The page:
Is Hardin Scott Of After Supposed To Be Harry Styles, Or What?

Photo: Courtesy of Voltage Pictures.
Hardin Scott, the main character of Anna Todd’s enormously popular After series, wasn’t always called Hardin Scott. When Todd began publishing the story in snippet-size form on the fan-fic platform Wattpad in 2011 under the name imaginator1D, he was called Harry Styles.
That’s because he was Harry Styles. Or at least, he was supposed to be.
Thanks to the endless possibilities of fiction, Todd recast Harry Styles and the rest of his One Direction bandmates as students at Washington State University. Harry (the character) has the same tattoos and fashion sensibility as Harry (the real person), but a different backstory.
In the book, college freshman Tessa Young (Josephine Langford in the film) moves into the dorms, meets Hardin (Hero Fiennes-Tiffin — yes, of those Fiennes), a tattooed English major, and promptly is swept into his lust whirlwind. In future installations of After, Tessa and Hardin's lives continue to orbit around each other's — through break-ups, reunions, and book publications (Hardin ends up writing about their relationship).
Since After has racked up 1.5 billion views on Wattpad and sold 15 million print copies, millions of readers now associate the fictional Styles with real one. This has led to a not-so-minor Fandom War. On one side is After's standom, who congregate under the #Hessa hashtag and are already gushing over GIFs of the not-yet-released movie.
On the other side are Styles' fans, who aren’t so keen on the parallel between Hardin Scott, prone to controlling and emotionally manipulative behavior, and their boy Harry. To advocate for the preservation of Styles' good name, they've created the hashtags #TreatHarryWithKindness and #LeaveHarryOutOfAfterMovie.
"Most of Harry Styles and One Direction fans that I’ve spoken to do not agree with the message that After is conveying and will not be going to watch the movie," Reyna, a 14-year-old One Direction fan, told Refinery29 in an email. Reyna expressed frustration that Harry and Hardin are being conflated in the media. "It seems like they are using Harry’s name for attention even though he’s not involved at all," she added.
Styles' fans have tapped into something: Styles' public image as a man (and a lover) doesn't resemble Hardin Scott at all. Compared to Hardin's seething intensity, Styles exudes free-flowing sexuality. While he's never openly identified himself as queer, his lyrics appear to place him somewhere in the middle of the Kinsey Scale.
Notably, Styles also seems to respect teenage girls and their ambitions — which Hardin's critics say he doesn't do for his own teenage girlfriend. "How can you say young girls don’t get it? They’re our future," Styles told Rolling Stone. "Our future doctors, lawyers, mothers, presidents, they kind of keep the world going. Teenage-girl fans – they don’t lie. If they like you, they’re there. They don’t act ‘too cool.’ They like you, and they tell you. Which is sick."

No matter how angry or upset he makes me, one touch from him and I am under his control.

Tessa Young in After
After masks the problematic dynamics of Tessa and Hardin's under the blanket of "passion." Take this excerpt from Chapter 52 as a prime example: “No matter how angry or upset he makes me, one touch from him and I am under his control," Tessa narrates. Sure, after years in a chaste relationship with her high school boyfriend, Tessa is in the throes of a sexual awakening thanks to Hardin. That doesn't mean his sheer sexiness should negate all the anger he makes her feel.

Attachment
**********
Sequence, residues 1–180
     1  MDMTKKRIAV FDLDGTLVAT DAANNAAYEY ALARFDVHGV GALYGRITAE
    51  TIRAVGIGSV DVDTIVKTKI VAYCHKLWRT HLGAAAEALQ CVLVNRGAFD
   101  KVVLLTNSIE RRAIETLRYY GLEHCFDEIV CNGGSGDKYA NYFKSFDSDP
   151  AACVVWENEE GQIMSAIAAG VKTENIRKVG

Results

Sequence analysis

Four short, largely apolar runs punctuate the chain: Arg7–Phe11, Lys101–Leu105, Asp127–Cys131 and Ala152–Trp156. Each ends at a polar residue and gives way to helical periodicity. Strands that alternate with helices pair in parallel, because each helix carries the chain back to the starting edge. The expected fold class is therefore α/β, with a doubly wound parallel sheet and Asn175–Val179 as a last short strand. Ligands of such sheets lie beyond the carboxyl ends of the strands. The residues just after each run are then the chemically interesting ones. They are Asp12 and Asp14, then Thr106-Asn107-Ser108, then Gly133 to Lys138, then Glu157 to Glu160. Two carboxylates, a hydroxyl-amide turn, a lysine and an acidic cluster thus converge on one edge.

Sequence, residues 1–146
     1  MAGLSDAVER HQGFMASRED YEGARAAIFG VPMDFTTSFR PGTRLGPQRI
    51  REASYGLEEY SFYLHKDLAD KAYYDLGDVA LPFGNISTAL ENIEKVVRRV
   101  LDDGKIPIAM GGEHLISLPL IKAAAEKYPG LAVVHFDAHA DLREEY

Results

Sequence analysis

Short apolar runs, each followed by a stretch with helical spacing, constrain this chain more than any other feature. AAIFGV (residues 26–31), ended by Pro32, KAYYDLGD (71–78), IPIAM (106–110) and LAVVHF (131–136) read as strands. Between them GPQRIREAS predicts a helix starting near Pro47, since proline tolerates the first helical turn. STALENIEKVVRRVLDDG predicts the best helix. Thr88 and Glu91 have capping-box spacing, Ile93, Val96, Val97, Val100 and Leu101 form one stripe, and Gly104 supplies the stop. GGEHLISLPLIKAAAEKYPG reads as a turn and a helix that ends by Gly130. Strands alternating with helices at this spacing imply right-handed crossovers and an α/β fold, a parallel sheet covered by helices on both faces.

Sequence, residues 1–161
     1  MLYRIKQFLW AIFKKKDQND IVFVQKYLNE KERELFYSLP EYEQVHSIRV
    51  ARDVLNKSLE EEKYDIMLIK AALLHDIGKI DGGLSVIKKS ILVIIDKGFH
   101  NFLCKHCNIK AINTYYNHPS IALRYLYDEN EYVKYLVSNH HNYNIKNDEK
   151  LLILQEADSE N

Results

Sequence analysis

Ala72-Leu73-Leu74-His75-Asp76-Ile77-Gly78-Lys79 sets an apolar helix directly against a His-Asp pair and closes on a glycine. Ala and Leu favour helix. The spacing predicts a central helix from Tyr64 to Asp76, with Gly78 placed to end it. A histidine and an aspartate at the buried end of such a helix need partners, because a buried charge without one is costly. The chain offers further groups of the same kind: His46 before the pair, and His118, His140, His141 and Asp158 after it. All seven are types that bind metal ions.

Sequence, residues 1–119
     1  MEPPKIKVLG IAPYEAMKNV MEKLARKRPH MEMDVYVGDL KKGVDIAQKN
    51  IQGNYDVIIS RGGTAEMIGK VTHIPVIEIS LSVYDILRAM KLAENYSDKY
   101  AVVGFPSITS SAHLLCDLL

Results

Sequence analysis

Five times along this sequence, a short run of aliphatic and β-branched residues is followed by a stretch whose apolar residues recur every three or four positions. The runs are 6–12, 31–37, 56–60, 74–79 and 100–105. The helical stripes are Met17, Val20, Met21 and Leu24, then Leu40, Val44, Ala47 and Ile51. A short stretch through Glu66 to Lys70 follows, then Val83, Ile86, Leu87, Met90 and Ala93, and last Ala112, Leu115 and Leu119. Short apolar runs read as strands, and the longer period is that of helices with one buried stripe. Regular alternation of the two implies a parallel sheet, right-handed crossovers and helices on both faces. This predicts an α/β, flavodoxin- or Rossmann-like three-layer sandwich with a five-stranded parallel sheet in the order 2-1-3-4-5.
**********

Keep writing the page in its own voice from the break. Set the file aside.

Much like the snarling beast in Beauty and the Beast, Hardin looms as both a romantic lead and a potential danger. Hardin's physical force is a constant presence in the novel. In Chapter 22, Tessa remarks, "He removes one hand from my wrists, but the other is large enough to hold both. For a second, I think he might slap me.” He's prone to punching walls, to reminding her of what he could do with his strength.
Once Tessa meets Hardin, she waves goodbye to her independent life and uncluttered mind. Her consciousness is now colonized by Hardin. Even if she identifies the specifics of their relationship, she's stuck repeating the same cycle. In After We Fell, Tessa she comes out and says, "You are constantly disrespecting me — you're borderline emotionally abusive, obsessive, suffocating, and rude."
But as the enormous popularity of both After and Fifty Shades of Grey demonstrate, there's a demand for depictions of all-consuming relationships — critics be damned. In an Odyssey Online article titled "How It Feels To Read After By Anna Todd," Ashlyn Noah expresses wanting to find a Hardin of her own: "Despite how evil he can be, no other man makes you weak in the knees like Hardin does. There's something about his dark, brooding persona that's sexy and intriguing. Of course he's the main character so you're supposed to love him, but other than that, you want your own Hardin."
People on the outside of the After fandom may criticize the relationship, but these movies weren't made for them. In an interview with my colleague Anne Cohen, Jamie Dornan said something that applies to After as much as it does to Fifty Shades of Grey, in which he starred as Christian Grey.
"I don't really care what people say about the movies," Dornan said. These movies are made for the fans, and hopefully they will be satisfied with what we've given them."
So, fans of Anna Todd's Harry Styles fans will love After. Harry Styles' fans probably won't.

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